What Bad Trade Policy Looks Like

Our so-called “free trade” policies are, quite simply, not about freeing up trade among people and businesses across national boundaries.   Instead, they are about freeing transnational corporations to increase their reach and profitability, and to reduce any risk that large companies and investors might face.  This is particularly true of the Trans Pacific Partnership (TPP) and the Trans Atlantic Trade and Investment Partnership (TTIP), both of which have now entered the final stages of negotiation.    Based on this, I’ve summarized in several categories below why I believe the TPP to be a very bad proposal.  Some of these issues relate to specific provisions in this proposal (as best as we can know, given the secrecy), while others pertain to the results of other trade deals, results which are likely to be repeated and exacerbated, given the extraordinarily overwhelming influence of major multi-national corporations in the current negotiations.


  • In 1993, before the signing of NAFTA, the US trade deficit with Canada and Mexico totaled $27 billion. By 2012, our deficit with these NAFTA partners had increased almost seven-fold to $181 billion.
  • More recently, we signed a trade agreement with South Korea, called KORUS, an agreement said to be one of the models on which the TPP agreement is being based. In just two years, our trade deficit with South Korea has grown by $8.7 billion while our exports to them have fallen by $3 billion.


  • In the 2 years since implementation of KORUS, Robert Scott (Economic Policy Institute) estimates that 60,000 US jobs, mostly in manufacturing, have been lost due to the increased trade deficit and reduced US exports.
  • Between 2001 and 2011, EPI estimates that 3.3 million US jobs were lost as a result of ballooning trade deficits with China, whereas only 1/6 of that number, 538,000 new jobs were created. Six times as many jobs lost as new jobs created.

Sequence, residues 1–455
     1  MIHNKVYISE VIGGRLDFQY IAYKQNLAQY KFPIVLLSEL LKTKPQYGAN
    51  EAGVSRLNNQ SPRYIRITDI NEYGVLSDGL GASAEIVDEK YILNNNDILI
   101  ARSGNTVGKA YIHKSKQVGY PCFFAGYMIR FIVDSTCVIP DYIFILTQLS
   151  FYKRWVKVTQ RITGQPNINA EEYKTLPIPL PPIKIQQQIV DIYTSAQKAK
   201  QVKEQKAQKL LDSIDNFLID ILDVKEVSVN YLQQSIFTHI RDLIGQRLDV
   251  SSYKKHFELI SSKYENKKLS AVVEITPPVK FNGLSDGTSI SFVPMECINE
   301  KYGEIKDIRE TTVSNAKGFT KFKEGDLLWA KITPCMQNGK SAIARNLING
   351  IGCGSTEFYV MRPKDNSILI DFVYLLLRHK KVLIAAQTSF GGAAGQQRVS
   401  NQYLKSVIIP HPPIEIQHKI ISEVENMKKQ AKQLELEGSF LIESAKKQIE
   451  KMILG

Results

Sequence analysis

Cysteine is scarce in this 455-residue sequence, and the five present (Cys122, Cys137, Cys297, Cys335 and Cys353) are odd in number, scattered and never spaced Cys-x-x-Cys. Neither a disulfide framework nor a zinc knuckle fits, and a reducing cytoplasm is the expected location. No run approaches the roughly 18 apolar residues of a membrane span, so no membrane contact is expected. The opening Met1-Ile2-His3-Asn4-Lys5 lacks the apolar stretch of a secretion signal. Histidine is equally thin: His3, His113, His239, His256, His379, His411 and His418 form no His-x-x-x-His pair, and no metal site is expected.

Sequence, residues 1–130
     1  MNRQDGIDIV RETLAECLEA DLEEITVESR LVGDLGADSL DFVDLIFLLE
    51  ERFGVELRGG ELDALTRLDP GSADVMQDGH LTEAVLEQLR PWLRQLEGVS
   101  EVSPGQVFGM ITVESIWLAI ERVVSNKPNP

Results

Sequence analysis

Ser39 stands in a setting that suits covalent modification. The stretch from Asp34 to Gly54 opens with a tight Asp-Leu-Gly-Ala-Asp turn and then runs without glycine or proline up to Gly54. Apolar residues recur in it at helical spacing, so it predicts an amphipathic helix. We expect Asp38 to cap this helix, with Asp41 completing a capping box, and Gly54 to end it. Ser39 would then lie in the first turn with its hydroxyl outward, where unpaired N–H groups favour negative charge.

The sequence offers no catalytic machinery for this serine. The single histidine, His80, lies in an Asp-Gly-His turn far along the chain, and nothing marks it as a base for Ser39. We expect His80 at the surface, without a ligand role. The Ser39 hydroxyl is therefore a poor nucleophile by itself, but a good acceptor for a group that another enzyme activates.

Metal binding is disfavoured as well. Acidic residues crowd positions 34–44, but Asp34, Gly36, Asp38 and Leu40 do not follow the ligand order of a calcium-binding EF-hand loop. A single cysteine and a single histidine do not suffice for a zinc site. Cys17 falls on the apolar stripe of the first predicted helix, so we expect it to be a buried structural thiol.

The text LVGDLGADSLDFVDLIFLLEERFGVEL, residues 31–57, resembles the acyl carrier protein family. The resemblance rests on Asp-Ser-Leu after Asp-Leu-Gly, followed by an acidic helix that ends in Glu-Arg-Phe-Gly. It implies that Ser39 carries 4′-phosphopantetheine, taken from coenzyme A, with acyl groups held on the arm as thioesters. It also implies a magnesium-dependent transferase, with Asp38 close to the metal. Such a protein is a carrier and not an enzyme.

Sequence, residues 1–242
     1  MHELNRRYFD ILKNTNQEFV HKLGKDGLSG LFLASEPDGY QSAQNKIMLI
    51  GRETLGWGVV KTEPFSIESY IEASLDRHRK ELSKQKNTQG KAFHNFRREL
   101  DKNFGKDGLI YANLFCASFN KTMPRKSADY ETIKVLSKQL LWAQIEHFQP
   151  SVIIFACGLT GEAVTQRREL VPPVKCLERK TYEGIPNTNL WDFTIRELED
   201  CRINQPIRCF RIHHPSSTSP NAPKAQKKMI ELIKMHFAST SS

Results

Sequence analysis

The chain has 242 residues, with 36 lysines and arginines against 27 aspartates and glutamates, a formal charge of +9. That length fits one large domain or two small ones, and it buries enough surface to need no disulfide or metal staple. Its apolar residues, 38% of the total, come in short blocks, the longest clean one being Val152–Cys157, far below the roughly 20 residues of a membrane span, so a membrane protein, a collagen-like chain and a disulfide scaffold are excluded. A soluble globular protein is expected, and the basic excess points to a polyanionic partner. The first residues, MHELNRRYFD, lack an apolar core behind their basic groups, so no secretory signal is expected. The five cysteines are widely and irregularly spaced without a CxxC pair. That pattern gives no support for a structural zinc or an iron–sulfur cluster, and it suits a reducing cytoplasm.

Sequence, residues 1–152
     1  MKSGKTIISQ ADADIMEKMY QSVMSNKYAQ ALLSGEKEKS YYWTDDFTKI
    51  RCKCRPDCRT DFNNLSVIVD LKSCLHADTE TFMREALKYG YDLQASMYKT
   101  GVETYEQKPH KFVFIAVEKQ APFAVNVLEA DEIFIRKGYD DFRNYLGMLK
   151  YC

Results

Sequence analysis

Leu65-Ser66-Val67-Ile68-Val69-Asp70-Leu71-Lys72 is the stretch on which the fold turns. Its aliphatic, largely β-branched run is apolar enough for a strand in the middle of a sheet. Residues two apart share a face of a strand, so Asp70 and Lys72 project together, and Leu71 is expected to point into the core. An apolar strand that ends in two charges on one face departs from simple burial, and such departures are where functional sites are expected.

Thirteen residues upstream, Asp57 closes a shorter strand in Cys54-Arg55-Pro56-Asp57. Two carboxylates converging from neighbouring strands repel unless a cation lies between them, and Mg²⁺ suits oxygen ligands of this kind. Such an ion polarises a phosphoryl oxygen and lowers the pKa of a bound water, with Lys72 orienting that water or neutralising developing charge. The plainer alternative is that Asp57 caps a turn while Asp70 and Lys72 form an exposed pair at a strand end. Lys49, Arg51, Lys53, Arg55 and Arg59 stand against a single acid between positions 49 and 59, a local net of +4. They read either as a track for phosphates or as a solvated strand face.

• David Autor, in a paper in the American Economic Review, estimated that between 1990 and 2007, growing imports from China (and rising trade deficits) accounted for fully ¼ of all manufacturing jobs lost in the US, as well as lowering wage rates.


  • Between 2009 and 2012, of US workers who lost their jobs due to offshoring of manufacturing but who found new jobs, two thirds had to take a pay cut, most at 20% or lower wages. Of course, hundreds of thousands of displaced workers have not found new employment.
  • Nine of the eleven nations in the TPP have significantly lower average wages than the US, making further downward pressure on American wages highly likely.

Currency manipulation

  • Even though many members of Congress have asked the US Trade Representative to make currency manipulation a key part of the TPP negotiations, and even though he has acknowledged that it is critical reason why US exports lag in relation to imports, as recently as April of this year he was still telling members of Congress that they have not included it even in the discussions taking place.

Patent Law

  • Patent Law, which already favors big, “incumbent” companies over smaller businesses and individual inventors and entrepreneurs, is likely to further extend both the scope and duration of patentsfor major multi-national corporations through the TPP.   This is true in terms of pharmaceuticals, internet and information companies, and others.  This has at least three negative impacts:
    • First, inventors, innovators and entrepreneurs, who generate 16 times as many new patent innovations than do large corporations (per dollar of revenue) will now face more legal and bureaucratic hurdles as a result of these trade deals;
    • Second, much of what now continues to be in the “public sphere” – particularly in the realm of creativity, the arts and the exchange of ideas across the internet – will likely face pressures of privatization and control by large providers;